The second reason that you have heard for helmets no longer having the labeling required by Standard No. 218 is that someone removed the label to paint the helmet and failed to put the label back on the helmet. Section 108(a)(2)(A) of the National Traffic and Motor Vehicle Safety Act (15 U.S.C 1397(a)(2)(A)) prohibits any manufacturer, distributor, dealer, or repair business from "knowingly render[ing] inoperative any device or element of design installed on or in a motor vehicle or item of motor vehicle equipment in compliance with an applicable Federal motor vehicle safety standard." In this case, the label on motorcycle helmets is a device or element of design installed on the helmet in compliance with Standard No. 218. If a manufacturer, distributor, dealer, or repair business removed that label and failed to put it back on the helmet, then those entities would be rendering the label inoperative, in violation of Federal law. Again, if you have any evidence that violations of Federal law have occurred in your State, please forward that evidence to our Office of Vehicle Safety Compliance and we will take appropriate actions.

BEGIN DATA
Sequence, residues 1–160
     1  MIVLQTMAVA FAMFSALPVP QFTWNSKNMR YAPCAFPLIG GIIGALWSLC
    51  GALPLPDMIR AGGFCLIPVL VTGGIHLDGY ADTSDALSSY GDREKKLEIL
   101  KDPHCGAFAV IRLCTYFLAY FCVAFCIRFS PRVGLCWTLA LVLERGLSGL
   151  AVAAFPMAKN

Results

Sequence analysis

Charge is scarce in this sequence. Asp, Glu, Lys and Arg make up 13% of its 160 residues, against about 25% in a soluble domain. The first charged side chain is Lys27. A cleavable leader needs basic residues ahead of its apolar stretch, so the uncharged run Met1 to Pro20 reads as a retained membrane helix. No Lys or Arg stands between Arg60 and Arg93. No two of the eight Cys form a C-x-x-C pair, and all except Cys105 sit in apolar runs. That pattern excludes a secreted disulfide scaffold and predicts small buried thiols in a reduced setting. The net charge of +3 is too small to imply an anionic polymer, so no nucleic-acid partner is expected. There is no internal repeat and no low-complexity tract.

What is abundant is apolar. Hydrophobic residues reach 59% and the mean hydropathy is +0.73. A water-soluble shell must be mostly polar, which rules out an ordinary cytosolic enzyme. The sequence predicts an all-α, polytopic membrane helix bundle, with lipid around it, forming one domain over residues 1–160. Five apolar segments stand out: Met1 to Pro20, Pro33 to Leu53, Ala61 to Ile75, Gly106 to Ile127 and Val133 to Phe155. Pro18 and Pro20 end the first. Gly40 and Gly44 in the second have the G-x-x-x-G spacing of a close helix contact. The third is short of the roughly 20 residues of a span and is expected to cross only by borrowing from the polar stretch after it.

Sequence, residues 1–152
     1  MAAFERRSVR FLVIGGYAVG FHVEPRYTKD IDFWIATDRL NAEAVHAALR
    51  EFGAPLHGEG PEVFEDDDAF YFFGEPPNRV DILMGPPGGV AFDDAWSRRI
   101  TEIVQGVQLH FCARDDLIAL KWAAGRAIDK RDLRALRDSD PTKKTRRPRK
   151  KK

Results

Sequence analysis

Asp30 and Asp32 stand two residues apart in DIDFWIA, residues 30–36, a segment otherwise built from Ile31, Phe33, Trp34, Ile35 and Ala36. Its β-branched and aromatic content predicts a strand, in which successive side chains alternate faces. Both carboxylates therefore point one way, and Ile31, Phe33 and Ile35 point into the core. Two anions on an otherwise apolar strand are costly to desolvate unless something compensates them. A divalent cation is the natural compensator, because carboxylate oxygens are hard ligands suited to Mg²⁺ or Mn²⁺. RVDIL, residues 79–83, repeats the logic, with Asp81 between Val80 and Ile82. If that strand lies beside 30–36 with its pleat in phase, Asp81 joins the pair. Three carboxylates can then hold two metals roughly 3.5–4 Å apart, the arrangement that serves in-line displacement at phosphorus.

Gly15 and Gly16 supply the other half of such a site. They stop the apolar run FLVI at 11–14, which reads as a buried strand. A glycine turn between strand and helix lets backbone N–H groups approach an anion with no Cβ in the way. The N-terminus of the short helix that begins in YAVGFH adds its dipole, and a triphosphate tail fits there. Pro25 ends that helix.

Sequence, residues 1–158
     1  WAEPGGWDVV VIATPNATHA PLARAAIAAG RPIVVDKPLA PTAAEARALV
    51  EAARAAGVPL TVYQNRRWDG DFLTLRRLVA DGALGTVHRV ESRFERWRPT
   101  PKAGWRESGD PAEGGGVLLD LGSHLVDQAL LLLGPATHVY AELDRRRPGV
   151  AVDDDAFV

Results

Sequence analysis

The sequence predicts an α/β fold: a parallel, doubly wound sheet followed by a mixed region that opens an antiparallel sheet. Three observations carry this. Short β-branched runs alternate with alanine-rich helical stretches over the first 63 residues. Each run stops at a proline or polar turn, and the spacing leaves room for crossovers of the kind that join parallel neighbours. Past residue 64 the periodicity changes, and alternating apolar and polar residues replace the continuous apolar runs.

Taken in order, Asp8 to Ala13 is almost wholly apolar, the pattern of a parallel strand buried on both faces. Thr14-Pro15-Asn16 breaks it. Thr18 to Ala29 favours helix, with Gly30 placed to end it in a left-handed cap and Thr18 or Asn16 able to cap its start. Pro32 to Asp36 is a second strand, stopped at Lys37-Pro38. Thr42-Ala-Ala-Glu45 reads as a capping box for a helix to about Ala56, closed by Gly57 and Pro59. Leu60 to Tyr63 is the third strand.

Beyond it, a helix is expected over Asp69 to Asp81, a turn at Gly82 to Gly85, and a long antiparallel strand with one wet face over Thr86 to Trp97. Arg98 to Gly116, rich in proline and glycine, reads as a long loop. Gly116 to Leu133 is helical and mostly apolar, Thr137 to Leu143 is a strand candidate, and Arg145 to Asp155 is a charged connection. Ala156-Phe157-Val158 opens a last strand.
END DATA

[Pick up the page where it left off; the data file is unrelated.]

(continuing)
Please note that Federal law does not prohibit the helmet's owner or any other person that is not a manufacturer, distributor, dealer, or repair business from removing the label from motorcycle helmets. Thus, the owner of a motorcycle helmet is permitted to remove the label from his or her helmet for any reason without violating any provision of Federal law. The individual States are free to establish requirements for motorcycle helmets used in their State, and could prohibit an owner from removing the label.
You suggested that the problem of missing labels could be solved if this agency were to require that the DOT symbol be embossed on or in the helmet. NHTSA considered and rejected this suggestion 15 years ago when it established Standard No. 218. In the August 20, 1973 preamble to the final rule that established FMVSS 218, we said: